Teaching and Coaching

I was out working for Country Companies (that’s a stroy coming) doing hail adjustment when Linda got the call I was hired and would get an extra $500 for coaching. We were pumped! We talked about how it work for both of us teaching and the things involved. Then it dawned on me the extra $500 for coaching. What was I coaching? I called them and asked that question and they answered it with “all of them”. There it was I was coaching Junior High baseball, basketball and track(without a track).

Year One

The first year went well. I loved teaching and the people I was working with. I had a cozy huge room upstairs with one other classroom and the office. Jim Doolan had the other room and he was the varsity basketball coach so we talked sports. At the conclusion of the season they told me I was a good teacher but they weren’t thrilled with my coaching and were going to find a coaching replacement for me. I had heard rumors that Eric Sarff, a local boy hero, would be available the following year. I didn’t mind as I was umpiring and refereeing now and also working 25 games as an analyst on WDUK radio station.

Tornado Rips School

One week after the first school ended a tornado came through and knocked the school building into disarray. It was totaled. Year two was interesting as we had portable classrooms that were rented from the State of Illinois. I was teaching in a small classroom that was independent of itself with a bathroom. It was kind of fun as you were basically on your own and you had a good view if anyone was coming to your room. The coaching was interesting as they hired a guy from the northern part of the state with no sports background. None. That became evident when he lined the diamond for his first home game. He lined from home-to-first-to-second-to-third-to-home. He was clueless but it wasn’t my concern. I went to umpiring and refereeing( that’s another story) and liked it.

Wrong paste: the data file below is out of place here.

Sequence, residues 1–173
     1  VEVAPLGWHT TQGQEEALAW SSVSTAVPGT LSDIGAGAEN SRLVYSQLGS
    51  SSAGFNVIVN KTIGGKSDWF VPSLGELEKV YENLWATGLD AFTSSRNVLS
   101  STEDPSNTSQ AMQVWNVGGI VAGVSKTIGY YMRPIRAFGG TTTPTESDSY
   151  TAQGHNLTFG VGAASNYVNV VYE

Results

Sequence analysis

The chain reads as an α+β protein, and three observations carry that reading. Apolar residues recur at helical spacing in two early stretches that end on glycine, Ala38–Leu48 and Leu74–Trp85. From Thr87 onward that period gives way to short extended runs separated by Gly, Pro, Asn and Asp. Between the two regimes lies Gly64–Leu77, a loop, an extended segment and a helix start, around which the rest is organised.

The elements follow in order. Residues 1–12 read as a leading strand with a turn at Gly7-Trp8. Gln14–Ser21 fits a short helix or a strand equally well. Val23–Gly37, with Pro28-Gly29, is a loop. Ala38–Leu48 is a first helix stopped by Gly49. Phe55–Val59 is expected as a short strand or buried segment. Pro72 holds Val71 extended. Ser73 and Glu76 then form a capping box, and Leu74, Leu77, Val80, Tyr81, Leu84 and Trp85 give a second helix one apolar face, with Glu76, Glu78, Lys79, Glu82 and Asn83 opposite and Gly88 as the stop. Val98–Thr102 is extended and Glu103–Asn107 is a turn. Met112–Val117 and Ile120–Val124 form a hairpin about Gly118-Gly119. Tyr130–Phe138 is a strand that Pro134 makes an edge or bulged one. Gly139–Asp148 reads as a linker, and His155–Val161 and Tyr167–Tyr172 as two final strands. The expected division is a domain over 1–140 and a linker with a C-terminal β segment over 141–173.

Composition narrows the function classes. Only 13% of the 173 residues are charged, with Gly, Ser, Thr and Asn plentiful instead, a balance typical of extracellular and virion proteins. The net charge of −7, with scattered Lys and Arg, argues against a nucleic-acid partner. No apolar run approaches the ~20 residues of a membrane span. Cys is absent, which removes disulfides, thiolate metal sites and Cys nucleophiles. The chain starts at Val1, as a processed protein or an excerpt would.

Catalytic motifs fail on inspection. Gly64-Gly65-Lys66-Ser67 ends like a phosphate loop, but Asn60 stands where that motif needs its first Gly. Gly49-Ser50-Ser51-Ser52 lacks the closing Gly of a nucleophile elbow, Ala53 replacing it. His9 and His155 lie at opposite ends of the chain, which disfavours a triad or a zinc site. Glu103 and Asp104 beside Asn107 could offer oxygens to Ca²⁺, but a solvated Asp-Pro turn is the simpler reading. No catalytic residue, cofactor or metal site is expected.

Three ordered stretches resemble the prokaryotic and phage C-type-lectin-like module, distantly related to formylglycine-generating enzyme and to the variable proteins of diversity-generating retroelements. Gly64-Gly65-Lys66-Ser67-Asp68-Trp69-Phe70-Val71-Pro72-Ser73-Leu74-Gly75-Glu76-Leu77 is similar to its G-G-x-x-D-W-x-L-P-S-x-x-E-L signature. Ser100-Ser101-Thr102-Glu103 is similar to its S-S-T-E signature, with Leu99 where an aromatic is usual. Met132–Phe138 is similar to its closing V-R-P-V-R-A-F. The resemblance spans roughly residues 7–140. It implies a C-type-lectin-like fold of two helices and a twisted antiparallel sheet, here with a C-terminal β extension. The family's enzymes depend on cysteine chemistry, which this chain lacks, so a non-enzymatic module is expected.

hometown-heroes

The next year came and lo and behold Eric Sarff was hired to teach and coach (color me not shocked). They moved my classroom to another area and now Eric and I shared rooms next to each other with a bathroom and a hallway connecting the front and a door in the back. We had a good year and it was a fun year. He taught a couple of the subjects and I taught a few and the kids changed classrooms for them. We each had a PE class and the administration didn’t bother us. That was nice.

Kilbourne Condom